Precisely. [Again, see examples below.]
    Quote Originally Posted by threadsoffate View Post
    This makes sense to me also because when I had problems with Harmonic Minor/Phrygian Dominant, the only way I could get out of the harmonic minor sound is playing over only two chords - C phrygian dominant over the chords C and D.
    You mean C and Db .
    Quote Originally Posted by threadsoffate View Post
    Any more than that and it just kept gravitating towards Fm giving it a minor tonality.
    Your ears are working well! Or perhaps, to be fairer, you're acclimatized - as we all are - to the western (European) cultural tradition of keys and functional harmony. Maybe if you were from North Africa, you'd be more comfortable with phrygian dominant. Maybe...
    Quote Originally Posted by threadsoffate View Post
    But if there are chord progressions that are purely modal, like say a chord progression that is of the genuinely lydian sound, then what are they?
    Here's the best - even the only - one I know:
    http://www.youtube.com/watch?v=SINl5JY7LhI
    It's in C lydian. A C major groove, with a passing D major chord to add the #4 element.
    When he changes chord (1:00), he goes to Ab - and that's Ab lydian. Later in the sequence (it's a 24-bar blues, kind of), he goes to G and F, but makes them lydian chords too, by using #4s in the scale.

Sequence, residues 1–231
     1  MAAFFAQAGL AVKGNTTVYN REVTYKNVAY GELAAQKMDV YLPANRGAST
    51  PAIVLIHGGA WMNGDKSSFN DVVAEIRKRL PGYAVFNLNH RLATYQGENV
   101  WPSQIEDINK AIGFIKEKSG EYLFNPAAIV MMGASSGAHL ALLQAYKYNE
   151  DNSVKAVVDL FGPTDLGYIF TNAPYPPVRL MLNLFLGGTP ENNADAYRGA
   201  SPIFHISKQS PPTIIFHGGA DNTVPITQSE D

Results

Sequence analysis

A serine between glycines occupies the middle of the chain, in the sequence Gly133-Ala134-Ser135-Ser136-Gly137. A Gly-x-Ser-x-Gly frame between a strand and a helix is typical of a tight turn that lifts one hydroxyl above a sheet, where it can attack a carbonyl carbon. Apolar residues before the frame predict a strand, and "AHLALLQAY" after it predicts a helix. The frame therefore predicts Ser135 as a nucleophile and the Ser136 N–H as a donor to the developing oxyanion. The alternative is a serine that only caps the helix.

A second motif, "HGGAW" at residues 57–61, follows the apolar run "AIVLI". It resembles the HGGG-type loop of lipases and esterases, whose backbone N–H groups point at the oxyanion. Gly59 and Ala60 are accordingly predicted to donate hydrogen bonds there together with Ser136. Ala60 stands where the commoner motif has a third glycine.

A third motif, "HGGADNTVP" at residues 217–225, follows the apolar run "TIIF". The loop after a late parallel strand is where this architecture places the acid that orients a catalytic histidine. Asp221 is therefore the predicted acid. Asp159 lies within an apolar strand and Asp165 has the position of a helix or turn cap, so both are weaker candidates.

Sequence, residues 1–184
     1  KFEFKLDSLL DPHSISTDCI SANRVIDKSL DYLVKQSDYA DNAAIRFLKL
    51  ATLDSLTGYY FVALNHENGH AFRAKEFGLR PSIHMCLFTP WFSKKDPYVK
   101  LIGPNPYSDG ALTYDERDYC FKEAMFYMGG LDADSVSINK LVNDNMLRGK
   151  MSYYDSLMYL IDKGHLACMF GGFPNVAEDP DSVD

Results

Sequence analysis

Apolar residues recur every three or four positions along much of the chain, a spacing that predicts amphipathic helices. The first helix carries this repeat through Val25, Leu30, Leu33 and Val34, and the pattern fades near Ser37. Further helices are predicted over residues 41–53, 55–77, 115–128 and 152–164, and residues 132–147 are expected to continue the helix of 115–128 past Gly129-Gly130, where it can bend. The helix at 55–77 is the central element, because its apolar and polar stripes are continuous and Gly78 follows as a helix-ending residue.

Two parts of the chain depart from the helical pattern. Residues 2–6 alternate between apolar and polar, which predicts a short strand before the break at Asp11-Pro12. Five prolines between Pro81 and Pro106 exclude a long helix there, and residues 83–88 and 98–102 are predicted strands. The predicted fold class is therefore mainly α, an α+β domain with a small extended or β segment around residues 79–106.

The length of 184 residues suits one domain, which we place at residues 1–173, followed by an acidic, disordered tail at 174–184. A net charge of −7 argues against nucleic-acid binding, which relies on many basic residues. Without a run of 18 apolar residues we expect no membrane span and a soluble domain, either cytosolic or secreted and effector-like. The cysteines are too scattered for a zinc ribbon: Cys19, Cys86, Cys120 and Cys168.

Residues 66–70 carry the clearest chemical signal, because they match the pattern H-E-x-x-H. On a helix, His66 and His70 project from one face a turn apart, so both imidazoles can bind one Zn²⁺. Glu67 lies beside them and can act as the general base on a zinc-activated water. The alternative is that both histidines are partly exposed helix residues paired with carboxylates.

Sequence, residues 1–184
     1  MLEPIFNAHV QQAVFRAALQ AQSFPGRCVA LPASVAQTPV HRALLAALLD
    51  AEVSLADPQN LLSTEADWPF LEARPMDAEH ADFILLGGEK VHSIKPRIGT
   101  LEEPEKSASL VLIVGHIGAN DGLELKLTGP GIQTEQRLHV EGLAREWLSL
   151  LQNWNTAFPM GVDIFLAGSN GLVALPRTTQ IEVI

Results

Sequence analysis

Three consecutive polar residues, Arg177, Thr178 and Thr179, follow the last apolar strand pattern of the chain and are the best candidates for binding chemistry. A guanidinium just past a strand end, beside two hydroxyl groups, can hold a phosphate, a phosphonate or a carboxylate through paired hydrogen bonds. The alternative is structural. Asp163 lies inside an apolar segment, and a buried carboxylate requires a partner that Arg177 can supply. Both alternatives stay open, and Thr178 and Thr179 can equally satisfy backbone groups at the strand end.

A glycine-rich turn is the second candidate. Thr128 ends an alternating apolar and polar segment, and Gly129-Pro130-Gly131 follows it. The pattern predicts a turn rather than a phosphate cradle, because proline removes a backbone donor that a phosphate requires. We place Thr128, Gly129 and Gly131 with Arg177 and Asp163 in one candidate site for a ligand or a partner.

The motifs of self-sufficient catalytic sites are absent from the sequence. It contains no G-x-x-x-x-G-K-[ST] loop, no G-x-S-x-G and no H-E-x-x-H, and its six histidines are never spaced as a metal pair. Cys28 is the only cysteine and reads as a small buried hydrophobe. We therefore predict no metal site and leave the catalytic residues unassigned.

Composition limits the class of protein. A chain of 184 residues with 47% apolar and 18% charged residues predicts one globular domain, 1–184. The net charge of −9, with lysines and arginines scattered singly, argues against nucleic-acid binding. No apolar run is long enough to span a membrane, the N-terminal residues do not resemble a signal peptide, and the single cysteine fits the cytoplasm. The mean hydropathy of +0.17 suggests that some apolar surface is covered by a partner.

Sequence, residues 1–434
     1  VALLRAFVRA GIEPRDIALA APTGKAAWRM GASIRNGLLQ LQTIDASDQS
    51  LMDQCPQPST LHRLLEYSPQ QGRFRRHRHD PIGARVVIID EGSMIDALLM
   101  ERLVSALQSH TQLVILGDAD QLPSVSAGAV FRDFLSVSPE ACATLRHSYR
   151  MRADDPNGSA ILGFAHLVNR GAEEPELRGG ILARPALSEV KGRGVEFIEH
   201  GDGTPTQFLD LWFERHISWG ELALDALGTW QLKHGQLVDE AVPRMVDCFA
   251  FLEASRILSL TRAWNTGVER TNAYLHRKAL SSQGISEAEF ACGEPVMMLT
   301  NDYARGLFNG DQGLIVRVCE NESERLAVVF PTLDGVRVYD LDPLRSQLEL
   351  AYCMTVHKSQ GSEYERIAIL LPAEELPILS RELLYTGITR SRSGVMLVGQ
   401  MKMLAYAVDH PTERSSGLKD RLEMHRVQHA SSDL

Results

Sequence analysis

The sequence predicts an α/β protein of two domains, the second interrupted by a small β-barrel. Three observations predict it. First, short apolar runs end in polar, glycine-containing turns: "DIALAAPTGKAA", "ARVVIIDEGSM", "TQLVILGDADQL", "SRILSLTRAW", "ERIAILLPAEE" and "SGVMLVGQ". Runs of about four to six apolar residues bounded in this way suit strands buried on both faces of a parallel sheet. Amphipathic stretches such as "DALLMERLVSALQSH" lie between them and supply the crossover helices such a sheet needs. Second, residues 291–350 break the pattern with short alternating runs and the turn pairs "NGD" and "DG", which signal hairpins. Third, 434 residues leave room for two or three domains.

This is generally how modal jazz works: one chord, one mode. Change chord, change mode. In the above track, it's solely a lydian workout. But you could change to a different mode. You could go from C lydian to - say - Eb dorian (on Ebm7 of course), or F# phrygian (F#m7). Etc.
    Naturally, if you're going to do that, you don't want to be changing chord every bar! You want plenty of time on each chord to explore its melodic potential - its modal "mood".
    Here's a classic (maybe THE classic, the prototype) modal jazz experiment:
    http://www.youtube.com/watch?v=F3W_alUuFkA
    That's five different (unrelated) modes in turn. They change on a nod and a wink from the soloist. Background here:
    http://en.wikipedia.org/wiki/Flamenco_Sketches

    The other kind of modal sequence - more familiar in rock music - is the one or two-chord vamp. eg, these classic dorian workouts:
    http://www.youtube.com/watch?v=8NsJ84YV1oA
    http://www.youtube.com/watch?v=9iSXrZYhJt4 (not the main part of the song, the solo section from 1:14.)
    http://www.youtube.com/watch?v=DKbPUzhWeeI (again, the solo and vamp sections where they hang on one chord, not the song sequence)

    The first one is Am7-D7 alternating, the second is Am7-Bm7. A dorian in both cases. F dorian in the 3rd case.

    Here's how John Lennon and George Harrison exploited mixolydian mode (without knowing it )
    http://www.youtube.com/watch?v=AHaM0K_d5_Y
    http://www.youtube.com/watch?v=ljnv3KGtcyI
    (They'd spent a few years playing with the mode in the verse sections of songs, usually going for major key in choruses; these tracks show them focussing entirely on mixolydian. In fact there's a small deviation to dorian in the 2nd - ie an occasional flattening of the 3rd, in the upper octave.)

    Here's a couple of other classic mixolydian rock tracks, more mainstream applications, the last one showing how you can actually use chord progressions in this mode:
    http://www.youtube.com/watch?v=WkaMVLHxzWE
    http://www.youtube.com/watch?v=iR2V60yLIaw
    http://www.youtube.com/watch?v=Tgcc5V9Hu3g&ob=av2n